Sunday, January 13, 2008

Working weekends and a consolation prize

I have a lot of work to do in the coming week — and I mean a lot. I didn't get as much done as I should have last week, and with my fourth estimated tax payment and Panama's board coming up (the 15th and the 20th, respectively), I can't afford to slack off at all right now.

This essentially means that I'm working today. Although it's not unusual for me to work a couple of hours each day on the weekend, I've already surpassed that — and still have more to do.

With four or so hours' worth of work for this evening, there's no way I'll be able to enjoy my evening in the normal way: by watching a movie with Michael. My consolation prize is a fruit tart from Devil's Food, our favorite brunch restaurant in Denver.

I'm saving the fruit tart for later this evening, when I'm an hour or two into my workload (and after we've had dinner). While it's small consolation for having to begin and end my Sunday with work, it'll definitely help make the burden easier to bear!

Saturday, January 12, 2008

Doggy Christmas pictures

Earlier, I posted about my horse's Christmas present. Our dogs got Christmas presents too this year: Emma got an extend-a-leash and Grace got a new bed.


Emma was an only dog for four years, so she doesn't really understand the concept of anything not being for her. (We've tried getting them each an identical dog toy, and Emma just takes both.) So when the bed arrived in the mail, Emma assumed from the get-go that it was for her.

She was right there, acting very excited, while we opened the box — though how she already knew it was something for a dog, I have no idea. And as soon as we put the cover on it and put it on the floor, she got on it and didn't get off again for quite a while.

Eventually, we were able to get Grace onto the bed for a few pictures.

Unfortunately, the bed has become 85 percent Emma's, leaving Grace to take over Emma's old bed. This arrangement satisfies our ultimate goal, which was to replace Grace's lumpy old bed with something a little better for her hip. Grace does occasionally get the opportunity to sleep on the new bed, so I guess her Christmas present wasn't a total failure!

Panama's Christmas present

Amy Derby recently blogged about Christmas with her rabbits. Her posts (and her crack about a "Christmas in July" post) reminded me that I had some similar posts I wanted to make. This one is about Panama's Christmas present; I'll post later on about the dogs' Christmas presents.

For Christmas I bought Panama a Jolly Ball to keep in his stall. The in-laws had one in their pasture when Panama was there, and it was cute to see his little donkey friend carry it around by the handle.

Unfortunately, I haven't had the pleasure yet of seeing Panama play with his Jolly Ball. It keeps moving, so I'm assuming he does. It also appears that he keeps trying to share his toy with his neighbor, since the ball often ends up in her run or under the fence between their runs.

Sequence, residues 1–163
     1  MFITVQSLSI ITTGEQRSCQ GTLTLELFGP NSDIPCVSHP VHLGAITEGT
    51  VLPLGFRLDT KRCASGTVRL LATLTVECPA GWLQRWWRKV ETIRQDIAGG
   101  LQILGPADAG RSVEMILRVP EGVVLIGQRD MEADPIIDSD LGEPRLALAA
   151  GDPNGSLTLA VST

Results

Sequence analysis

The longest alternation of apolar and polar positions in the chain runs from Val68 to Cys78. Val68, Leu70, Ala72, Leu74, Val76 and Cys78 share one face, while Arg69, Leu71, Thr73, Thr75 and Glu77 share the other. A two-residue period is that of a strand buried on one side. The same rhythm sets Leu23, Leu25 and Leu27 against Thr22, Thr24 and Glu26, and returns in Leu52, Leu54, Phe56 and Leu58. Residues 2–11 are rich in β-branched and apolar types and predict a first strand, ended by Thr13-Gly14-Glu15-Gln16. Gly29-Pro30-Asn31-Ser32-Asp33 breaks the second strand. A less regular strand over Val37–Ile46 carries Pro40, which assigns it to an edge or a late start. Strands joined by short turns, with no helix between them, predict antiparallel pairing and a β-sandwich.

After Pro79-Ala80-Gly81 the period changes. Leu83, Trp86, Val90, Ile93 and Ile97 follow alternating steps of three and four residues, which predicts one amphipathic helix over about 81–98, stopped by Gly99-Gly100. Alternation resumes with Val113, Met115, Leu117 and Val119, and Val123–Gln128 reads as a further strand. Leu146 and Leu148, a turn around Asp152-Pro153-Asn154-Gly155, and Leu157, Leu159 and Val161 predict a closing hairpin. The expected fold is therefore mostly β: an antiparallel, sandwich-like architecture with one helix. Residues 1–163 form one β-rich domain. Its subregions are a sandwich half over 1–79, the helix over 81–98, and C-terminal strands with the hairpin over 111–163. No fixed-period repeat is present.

Just recently, I decided to tie the Jolly Ball up on the fence. We'll see how they like that.

Next up: Grace and Emma's Christmas presents. (And for that one, I have pictures!)

Friday, January 11, 2008

More on multiple blog categories or labels

Several of my readers expressed interest when I blogged about the multiple categories/labels penalty, so I wanted to share some additional information with you.

According to my client, they've found that there are two ways choosing multiple categories can hurt you. The worst is when the search engines decide not to index your blog post at all. You can test that by searching for your post title, or a unique phrase in your post, in quotes. If the post doesn't show up in the results, the search engines aren't indexing it at all.

The other way that it can hurt you is more subtle: Essentially, choosing too many categories or labels can hurt your blog's PageRank, even if all of the pages are still indexed. When I learned that, I remembered a time when my blog's PageRank dropped suddenly and inexplicably. While I can't remember if the drop coincided with when I started using labels, I'm going to play it safe from here on out!

Roaring writers meme

Kathy Kehrli of Screw You! has tagged me for an interesting new meme: Having been tagged with the Roar for Powerful Words Award, I now have to blog about three writing tips and tag five other writers.

According to the Roar for Powerful Words Award page, the idea is for me to list "three things [I] believe are necessary to make writing good and powerful." So here goes:

1. Write about what you believe in (or, conversely, believe in what you write about). I've written copy for topics I don't particularly support, and it sucks. Not only is it difficult to make the copy compelling, but it also makes you feel rather dirty, like the quintessential used car salesman.

2. Write when you are inspired. This doesn't mean that you shouldn't write if you're not inspired, but it does mean that when the light bulb suddenly turns on, when you are hit with a great idea or find yourself writing the material in your head, DO NOT simply take notes and save it for later. When you are feeling the most passionate about the subject, the words will flow out onto the page with little or not effort — but it will take a lot of effort to try to recapture that mood later on.